Lot 130: Rare Zachary Taylor Free Frank Signed on an Envelope from February (1850)
Presidential Letters, Free Franks & Speeches: Washington to Bush + Important Autographs in History, Science & the Arts
26 October 2016
New York, NY, USALive Auction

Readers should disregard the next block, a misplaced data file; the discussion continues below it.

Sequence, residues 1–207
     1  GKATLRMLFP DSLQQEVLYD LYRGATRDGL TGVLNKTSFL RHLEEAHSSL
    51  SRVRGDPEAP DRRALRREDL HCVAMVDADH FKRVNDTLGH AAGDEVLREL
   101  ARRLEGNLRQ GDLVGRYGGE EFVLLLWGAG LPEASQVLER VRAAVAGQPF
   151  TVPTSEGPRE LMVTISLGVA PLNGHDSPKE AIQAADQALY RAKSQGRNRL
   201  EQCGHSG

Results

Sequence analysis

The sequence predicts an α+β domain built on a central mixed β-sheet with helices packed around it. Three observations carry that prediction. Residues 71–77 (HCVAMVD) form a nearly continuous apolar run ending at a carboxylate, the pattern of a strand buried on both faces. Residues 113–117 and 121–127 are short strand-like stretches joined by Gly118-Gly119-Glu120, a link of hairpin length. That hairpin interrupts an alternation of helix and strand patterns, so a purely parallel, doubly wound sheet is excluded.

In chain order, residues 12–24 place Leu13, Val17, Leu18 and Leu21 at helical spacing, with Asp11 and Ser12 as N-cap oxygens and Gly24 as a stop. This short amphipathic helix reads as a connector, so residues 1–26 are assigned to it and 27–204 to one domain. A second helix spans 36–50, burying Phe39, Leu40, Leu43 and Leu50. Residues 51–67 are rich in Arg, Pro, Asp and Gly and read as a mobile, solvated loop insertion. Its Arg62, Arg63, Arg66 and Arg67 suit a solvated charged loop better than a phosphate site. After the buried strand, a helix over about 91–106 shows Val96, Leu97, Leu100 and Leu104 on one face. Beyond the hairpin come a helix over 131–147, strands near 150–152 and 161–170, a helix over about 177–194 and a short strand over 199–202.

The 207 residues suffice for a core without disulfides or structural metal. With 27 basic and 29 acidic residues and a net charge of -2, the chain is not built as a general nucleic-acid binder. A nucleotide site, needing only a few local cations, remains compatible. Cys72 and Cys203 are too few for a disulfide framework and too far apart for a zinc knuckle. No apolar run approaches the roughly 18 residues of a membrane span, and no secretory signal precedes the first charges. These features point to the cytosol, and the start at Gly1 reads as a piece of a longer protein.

Description: TAYLOR, ZACHARY. (1784-1850). Career soldier and 12th president of the United States, nicknamed “Old Rough and Ready” during the Battle of Okeechobee. Free Frank as president. (“Z. Taylor”). 1p. 12mo. (Washington, D.C., February 4, ). An envelope addressed in an unknown hand to William Sloanaker, Esq. in Philadelphia. ********** Taylor joined the U.S. Army as a first lieutenant rising through the ranks in the War of 1812, the Black Hawk War, the Mexican-American War, and the Second Seminole War, also known as the Florida Wars – a series of conflicts between Native Americans and the United States. A succession of army commanders had failed to defeat the Seminoles and their leader Osceola when Zachary Taylor arrived in Florida. On December 25, 1837, he led his troops against several hundred Seminoles at the Battle of Okeechobee, in which both sides claimed victory. Following the melee, “which brought Taylor to the fore as a determined and courageous, if not brilliant, commander,” he was promoted to brigadier general and awarded command of all the troops in the state, (Dictionary of American History). The event is credited with having earned him the moniker “Old Rough and Ready,” for his unpretentious appearance and manner. Taylor was elected president in 1848, but his term was cut short when he died of the flu after only 16 months in office, on July 9, 1850. ********** Less than two weeks after taking office, Taylor nominated Sloanaker to be the Navy agent for the Port of Philadelphia, a four-year commission beginning on March 15, 1849. [A William Sloanaker was also the publisher of Philadelphia’s Sartain's Union Magazine from 1848-1852, which published some of Poe’s poems after his death but it seems unlikely that this is the same person unless the navy post was ceremonial.] ********** With a faint red ink postal mark in the left margin. Some dust staining and wear and remnants of a red wax seal on the verso. In very good condition and rare.